Living in New York is hard, especially if you are young, paying your own rent, paying for your own groceries, and attempting to have a social life while working “New York hours” (which usually means over 40 hours per week with no overtime because you’re salaried). Frank Sinatra was right, if you can make it here you’ll make it anywhere. If you figure out how to be happy, healthy, sane, and financially secure while living in New York City, you will almost certainly succeed in those areas elsewhere.
I’ve always cared about what is going on in this country, almost impulsively. Yes, it is my home, yes I am an American, but I tend to care about many issues and people that, if I’m honest, don’t directly affect me. I am also a very logical person. I tend to deconstruct things down to their basic substances — which means when it comes to humans I believe everything boils down to biology.
The reason I want to make America “better” is not because I expect or even believe humans are fully capable of caring about people they will never meet. That is naive. I’m sorry. But there is no way you are going to get most people, or even a large portion of people, to actively care about people they don’t know. That is against biology. That is why people who are against socialism and communism are against it — giving other people your resources is not self-preservation. WE ARE ANIMALS. We are supposed to preserve ourselves and our offspring.
Currently humans exist within the context of civilized society. Because of that, caring about other people is self-preservation. The reason I am freaked out that we are creating generations of Pakistani’s who hate us because of our questionable drone program is because they are in uncomfortably close proximity to other people who hate us. The reason I’m uncomfortable that Americans are so desensitized by shootings that we don’t see the patterns of domestic terror is because the last thing we need are threats from outside and inside of our borders. This is why people living on the coasts should not be ambivalent about the politics of the rest (majority) of the country. All of our actions are intertwined. Everyone will be affected when the consequences come around.
You know that feeling you have when you get home after a long day and the last thing you want to do is anything besides sit down?
What do you usually eat in that time? I bet it’s not a fresh, nutritious meal made from scratch (unless you are one of the people several steps ahead of me, kudos). For the rest of you, follow these steps.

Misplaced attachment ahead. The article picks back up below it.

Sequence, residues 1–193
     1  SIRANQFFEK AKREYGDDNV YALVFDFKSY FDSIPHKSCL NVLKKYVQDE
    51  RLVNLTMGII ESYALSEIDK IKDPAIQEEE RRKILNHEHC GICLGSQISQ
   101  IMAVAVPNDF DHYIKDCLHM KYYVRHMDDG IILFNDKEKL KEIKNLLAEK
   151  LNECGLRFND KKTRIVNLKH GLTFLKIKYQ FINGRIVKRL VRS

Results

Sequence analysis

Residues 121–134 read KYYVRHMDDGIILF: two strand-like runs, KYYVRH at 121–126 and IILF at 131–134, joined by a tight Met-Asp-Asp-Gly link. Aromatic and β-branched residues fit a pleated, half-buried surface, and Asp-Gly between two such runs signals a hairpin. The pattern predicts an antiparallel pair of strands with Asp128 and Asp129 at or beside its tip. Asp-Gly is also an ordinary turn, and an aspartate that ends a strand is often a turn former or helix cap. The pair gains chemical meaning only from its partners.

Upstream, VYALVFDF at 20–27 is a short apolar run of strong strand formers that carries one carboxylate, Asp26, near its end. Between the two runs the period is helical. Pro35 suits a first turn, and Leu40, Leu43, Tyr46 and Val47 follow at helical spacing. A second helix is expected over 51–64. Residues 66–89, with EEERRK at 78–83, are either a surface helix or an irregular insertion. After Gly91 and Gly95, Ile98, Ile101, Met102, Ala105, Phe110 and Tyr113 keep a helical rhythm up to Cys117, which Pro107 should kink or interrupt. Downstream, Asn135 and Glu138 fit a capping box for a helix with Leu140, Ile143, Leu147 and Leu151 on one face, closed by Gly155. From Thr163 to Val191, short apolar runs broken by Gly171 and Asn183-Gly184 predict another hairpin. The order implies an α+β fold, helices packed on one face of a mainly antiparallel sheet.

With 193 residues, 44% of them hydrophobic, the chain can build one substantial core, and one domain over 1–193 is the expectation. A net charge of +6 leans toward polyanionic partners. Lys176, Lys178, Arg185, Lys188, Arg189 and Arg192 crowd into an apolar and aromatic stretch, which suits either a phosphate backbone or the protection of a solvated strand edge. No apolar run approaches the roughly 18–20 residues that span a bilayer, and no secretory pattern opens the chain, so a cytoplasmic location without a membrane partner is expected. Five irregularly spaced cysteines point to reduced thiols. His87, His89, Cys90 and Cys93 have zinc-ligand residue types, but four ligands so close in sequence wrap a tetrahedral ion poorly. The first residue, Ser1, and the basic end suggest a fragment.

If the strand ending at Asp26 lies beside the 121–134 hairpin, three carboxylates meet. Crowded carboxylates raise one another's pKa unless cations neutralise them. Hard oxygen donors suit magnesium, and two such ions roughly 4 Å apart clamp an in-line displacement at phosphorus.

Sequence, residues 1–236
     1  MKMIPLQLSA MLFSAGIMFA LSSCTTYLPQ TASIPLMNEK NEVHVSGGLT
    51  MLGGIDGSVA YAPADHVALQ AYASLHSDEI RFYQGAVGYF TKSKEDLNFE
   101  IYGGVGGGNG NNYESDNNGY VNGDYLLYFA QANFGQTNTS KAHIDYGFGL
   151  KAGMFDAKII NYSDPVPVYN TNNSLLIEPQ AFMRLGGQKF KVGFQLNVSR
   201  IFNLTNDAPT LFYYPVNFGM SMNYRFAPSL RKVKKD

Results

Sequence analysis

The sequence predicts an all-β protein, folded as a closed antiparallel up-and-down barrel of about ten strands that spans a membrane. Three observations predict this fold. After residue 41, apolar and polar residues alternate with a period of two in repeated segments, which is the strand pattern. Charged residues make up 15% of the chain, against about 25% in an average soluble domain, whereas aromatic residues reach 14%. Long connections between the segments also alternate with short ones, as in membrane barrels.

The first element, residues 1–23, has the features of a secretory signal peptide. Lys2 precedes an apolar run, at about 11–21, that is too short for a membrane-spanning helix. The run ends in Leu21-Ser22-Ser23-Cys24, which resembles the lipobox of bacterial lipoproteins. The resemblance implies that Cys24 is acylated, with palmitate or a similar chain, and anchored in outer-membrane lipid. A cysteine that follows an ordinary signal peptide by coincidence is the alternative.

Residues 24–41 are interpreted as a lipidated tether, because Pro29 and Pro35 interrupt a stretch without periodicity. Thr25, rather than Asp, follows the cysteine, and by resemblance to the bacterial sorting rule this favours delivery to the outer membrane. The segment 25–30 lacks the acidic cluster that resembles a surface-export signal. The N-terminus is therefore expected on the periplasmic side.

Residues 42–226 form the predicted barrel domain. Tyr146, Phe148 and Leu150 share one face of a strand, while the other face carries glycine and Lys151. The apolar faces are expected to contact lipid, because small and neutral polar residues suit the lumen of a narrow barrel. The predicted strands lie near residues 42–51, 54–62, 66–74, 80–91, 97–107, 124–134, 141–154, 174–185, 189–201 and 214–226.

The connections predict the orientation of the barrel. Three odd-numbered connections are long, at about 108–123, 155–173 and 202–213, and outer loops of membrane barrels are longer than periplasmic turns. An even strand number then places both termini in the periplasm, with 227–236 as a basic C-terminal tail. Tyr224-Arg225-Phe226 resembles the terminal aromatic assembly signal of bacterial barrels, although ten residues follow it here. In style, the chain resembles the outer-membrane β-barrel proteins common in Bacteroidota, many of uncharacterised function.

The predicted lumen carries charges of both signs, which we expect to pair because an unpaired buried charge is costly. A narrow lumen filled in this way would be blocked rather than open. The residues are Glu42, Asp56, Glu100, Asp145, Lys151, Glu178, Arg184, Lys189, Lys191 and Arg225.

1. Get home and take off your shoes. Put music on the speakers that makes you feel good.
2. Pour yourself ONE glass of wine (sip over the next 2 hours).
3. Cut up some vegetables and put them on a pan. Drizzle some olive oil on them. Add a little salt. It is literally the EASIEST thing to do, and it also happens to taste amazing — fresh, whole, juicy, satisfying.
Example veggies: *CORN (place as many as you want, husk and all, on the middle rack of your oven and bake for 30 minutes) * green and red peppers * onions * kale * asparagus * tomatoes (all so good!). This is not a complete list. If there’s something in the list you don’t like, pick another vegetable, there are so many out there. Also, this is great for a variety of uses. Roast a big batch of kale for a few days worth of chips. Roast up a good amount of peppers and onions and save to throw in a skillet with some pasta and marinara for an excellent dish tomorrow, or throw them in a sandwich for lunch the next day.
4. In the 30 minutes while your veggies are roasting in the oven on or around 350 degrees, turn your music up and just STAND either in the kitchen or in your living room. Stand there, listening to the music. Try to make yourself do this for the duration of the 30 minutes. See if you stay still (PRO TIP: you won’t).
5. In the event you do end up just standing and get bored, go into your kitchen and clean some dishes, do a batch of laundry, or sweep/mop the floor. The point is, it’s 30 minutes you are MOVING, and not sitting. If you begin to incorporate movement into space where you usually sit at the same time you begin eating meals made from fresh veggies, you will begin to notice a difference in how you feel, and probably how you look. It’s just the way the body works. It’s awesome.
Eating well, moving, and cooking don’t have to be chores. They can compliment each other so you’ll have more time to go back to watching TV or whatever you would rather be doing (although once you start moving to the music you may find you prefer that to watching TV).